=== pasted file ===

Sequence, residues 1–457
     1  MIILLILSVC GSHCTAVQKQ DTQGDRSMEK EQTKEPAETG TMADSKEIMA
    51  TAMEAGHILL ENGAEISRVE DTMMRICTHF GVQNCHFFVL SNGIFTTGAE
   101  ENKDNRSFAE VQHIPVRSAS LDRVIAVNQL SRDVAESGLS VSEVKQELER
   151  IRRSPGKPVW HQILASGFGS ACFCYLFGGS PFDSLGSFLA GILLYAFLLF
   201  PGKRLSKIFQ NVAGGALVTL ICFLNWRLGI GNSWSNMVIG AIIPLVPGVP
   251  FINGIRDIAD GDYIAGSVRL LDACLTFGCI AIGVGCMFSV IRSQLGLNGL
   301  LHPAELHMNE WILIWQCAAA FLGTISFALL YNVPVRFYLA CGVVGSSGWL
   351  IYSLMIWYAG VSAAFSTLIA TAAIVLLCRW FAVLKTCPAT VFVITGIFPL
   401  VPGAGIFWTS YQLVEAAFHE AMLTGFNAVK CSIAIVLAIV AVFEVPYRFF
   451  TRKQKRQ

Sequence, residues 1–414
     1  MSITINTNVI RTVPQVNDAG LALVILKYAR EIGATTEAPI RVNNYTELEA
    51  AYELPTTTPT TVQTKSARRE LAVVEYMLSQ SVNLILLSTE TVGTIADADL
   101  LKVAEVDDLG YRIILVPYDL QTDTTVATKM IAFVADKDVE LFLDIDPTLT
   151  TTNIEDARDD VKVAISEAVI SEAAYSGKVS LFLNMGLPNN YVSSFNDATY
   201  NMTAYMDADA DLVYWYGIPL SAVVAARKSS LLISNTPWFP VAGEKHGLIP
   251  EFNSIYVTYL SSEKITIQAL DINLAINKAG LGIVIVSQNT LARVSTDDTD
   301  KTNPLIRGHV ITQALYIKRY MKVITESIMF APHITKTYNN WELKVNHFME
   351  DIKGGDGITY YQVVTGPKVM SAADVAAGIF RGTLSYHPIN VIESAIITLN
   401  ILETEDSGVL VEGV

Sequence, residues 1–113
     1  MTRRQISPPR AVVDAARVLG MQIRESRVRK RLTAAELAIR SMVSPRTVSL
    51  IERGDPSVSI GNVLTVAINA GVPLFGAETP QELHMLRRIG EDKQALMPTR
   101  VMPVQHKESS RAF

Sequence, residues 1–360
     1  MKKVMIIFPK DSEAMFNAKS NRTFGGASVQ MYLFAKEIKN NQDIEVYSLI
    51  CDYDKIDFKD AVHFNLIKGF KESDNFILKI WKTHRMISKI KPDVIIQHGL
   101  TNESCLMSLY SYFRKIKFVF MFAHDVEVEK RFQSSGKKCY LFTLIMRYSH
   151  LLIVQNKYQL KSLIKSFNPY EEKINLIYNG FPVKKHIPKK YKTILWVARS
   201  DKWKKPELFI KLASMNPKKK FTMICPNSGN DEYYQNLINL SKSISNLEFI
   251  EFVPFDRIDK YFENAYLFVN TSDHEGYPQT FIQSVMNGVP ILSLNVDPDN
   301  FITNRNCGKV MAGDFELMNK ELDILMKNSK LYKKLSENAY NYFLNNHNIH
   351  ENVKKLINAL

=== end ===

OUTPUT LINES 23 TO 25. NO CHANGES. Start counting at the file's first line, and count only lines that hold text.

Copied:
     1  MTRRQISPPR AVVDAARVLG MQIRESRVRK RLTAAELAIR SMVSPRTVSL
    51  IERGDPSVSI GNVLTVAINA GVPLFGAETP QELHMLRRIG EDKQALMPTR
   101  VMPVQHKESS RAF